It was probably a change of mind when Carlsberg dropped its “Probably the best beer in the world” slogan for “‘That calls for a Carlsberg”.
Mr Soren Ravn, managing director, Carlsberg, explained: “We are coming with a brand new communication so we can help fuel the (market) growth in Singapore.”
The Danish brewer acknowledges that Singapore is one of its key markets for the Carlsberg branded beer, with the high number of expatriates here who know about international beer brands and the different beer types.
But analysts say markets like Singapore are just part of an Asian regional strategy in which brewers are actually looking further north at China, which consumes 40 billion litres of beer annually, or about one quarter of global beer consumption.
Research firm Spire Research & Consulting says China’s beer consumption is set to expand at a compounded rate of 5 to 10 per cent over the next three to five years.
The country’s economic growth is overflowing into a booming beer industry as its growing middle class and increasing discretionary income makes it the biggest consumer of beer in Asia and the fastest rising.
“China is very much a localised beer market, so conditions differ very much by locality and barriers to entry differ according to locality as well,” said Mr Leon Perera, group managing director at Spire.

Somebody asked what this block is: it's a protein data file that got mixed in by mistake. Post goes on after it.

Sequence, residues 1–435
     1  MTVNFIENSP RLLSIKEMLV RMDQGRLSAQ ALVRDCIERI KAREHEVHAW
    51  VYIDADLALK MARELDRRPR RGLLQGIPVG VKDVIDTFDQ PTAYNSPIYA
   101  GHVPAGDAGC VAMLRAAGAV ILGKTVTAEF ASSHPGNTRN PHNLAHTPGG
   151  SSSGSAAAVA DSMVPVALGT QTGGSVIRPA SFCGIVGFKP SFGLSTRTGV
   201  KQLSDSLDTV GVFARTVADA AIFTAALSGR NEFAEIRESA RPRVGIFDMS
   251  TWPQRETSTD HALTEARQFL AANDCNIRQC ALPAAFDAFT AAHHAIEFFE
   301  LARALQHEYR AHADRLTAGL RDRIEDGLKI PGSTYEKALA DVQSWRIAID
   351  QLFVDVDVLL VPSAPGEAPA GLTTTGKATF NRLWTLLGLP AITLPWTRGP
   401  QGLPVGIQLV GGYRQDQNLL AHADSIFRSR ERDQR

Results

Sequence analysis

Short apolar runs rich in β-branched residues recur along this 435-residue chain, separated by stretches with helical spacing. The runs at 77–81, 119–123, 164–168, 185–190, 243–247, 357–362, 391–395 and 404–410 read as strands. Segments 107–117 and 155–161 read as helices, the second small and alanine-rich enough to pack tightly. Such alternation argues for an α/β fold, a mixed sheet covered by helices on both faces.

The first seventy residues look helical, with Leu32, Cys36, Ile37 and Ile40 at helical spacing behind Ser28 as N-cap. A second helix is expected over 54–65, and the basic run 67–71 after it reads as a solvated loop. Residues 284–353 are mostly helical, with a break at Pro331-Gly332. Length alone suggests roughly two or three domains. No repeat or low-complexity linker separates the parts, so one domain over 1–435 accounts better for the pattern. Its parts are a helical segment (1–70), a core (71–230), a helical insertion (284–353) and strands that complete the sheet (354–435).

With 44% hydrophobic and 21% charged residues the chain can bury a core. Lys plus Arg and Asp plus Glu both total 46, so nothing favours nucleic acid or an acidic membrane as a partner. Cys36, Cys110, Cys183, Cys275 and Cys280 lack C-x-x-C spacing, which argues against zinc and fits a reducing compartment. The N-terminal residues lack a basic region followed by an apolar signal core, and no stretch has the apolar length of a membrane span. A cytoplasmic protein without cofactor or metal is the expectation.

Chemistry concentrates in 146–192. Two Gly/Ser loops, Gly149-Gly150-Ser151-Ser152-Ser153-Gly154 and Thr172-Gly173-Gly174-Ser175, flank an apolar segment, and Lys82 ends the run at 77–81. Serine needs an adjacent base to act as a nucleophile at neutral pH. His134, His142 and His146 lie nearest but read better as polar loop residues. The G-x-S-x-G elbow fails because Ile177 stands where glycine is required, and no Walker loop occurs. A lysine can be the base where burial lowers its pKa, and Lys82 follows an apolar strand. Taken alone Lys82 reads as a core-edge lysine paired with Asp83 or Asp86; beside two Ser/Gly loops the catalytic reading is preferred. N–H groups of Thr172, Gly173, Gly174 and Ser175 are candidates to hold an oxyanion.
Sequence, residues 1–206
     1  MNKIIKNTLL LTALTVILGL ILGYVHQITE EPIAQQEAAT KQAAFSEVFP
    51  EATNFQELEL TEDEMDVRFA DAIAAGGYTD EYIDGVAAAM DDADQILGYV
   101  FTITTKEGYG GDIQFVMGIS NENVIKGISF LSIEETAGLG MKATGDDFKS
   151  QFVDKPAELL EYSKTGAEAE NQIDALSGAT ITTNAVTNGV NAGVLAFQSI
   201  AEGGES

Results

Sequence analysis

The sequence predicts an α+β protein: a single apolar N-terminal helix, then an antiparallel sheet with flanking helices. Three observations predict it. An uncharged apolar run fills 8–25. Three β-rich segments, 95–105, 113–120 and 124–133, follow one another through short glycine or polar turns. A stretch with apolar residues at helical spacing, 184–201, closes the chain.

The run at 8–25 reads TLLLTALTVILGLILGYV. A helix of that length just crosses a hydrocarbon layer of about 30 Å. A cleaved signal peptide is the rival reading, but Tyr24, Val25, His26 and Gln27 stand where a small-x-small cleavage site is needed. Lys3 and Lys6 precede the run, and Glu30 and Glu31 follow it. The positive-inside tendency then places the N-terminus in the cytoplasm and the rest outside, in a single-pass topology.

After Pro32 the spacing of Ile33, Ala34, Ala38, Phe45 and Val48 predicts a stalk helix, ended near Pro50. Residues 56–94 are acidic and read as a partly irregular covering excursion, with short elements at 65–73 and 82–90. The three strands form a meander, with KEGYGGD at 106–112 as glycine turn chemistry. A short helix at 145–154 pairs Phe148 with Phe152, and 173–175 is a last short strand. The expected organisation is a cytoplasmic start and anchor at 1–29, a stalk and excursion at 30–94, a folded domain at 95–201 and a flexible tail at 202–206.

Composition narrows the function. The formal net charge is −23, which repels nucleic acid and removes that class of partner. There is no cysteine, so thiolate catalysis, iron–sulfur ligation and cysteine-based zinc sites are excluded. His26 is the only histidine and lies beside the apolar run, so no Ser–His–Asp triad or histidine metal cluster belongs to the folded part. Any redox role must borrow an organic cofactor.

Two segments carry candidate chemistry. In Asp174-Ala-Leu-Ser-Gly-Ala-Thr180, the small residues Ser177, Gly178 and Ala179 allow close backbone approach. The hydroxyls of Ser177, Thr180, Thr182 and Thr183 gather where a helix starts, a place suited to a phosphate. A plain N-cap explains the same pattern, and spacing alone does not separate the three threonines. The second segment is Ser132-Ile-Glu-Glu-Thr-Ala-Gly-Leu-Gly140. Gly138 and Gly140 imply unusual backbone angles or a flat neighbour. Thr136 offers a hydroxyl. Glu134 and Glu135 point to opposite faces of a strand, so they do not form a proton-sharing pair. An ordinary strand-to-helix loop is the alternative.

“Very often access to distribution, to retail outlets, tends to be influenced by local authorities, by local companies. That’s why the preferred entry route for any foreign companies is through acquisition,” he added.
Experts also point to other growing markets in the region like Vietnam and India. That is reflected in companies’ expectations, like Carlsberg, which hopes Asia will account for up to one quarter of its group global revenue in five years’ time.
That is up from the 5 to 10 per cent that Asia contributed last year to the company’s US$11 billion (S$13.8 billion) sales.
But Mr Perera cautioned that the outlook just might not be so bubbly.
“The headwind or the obstacle that this growth might encounter … is really health consciousness, across all F&B research, as an economy matures, health consciousness increases to the point that it becomes an absolutely critical factor, affecting purchasing decisions by consumers,” he said.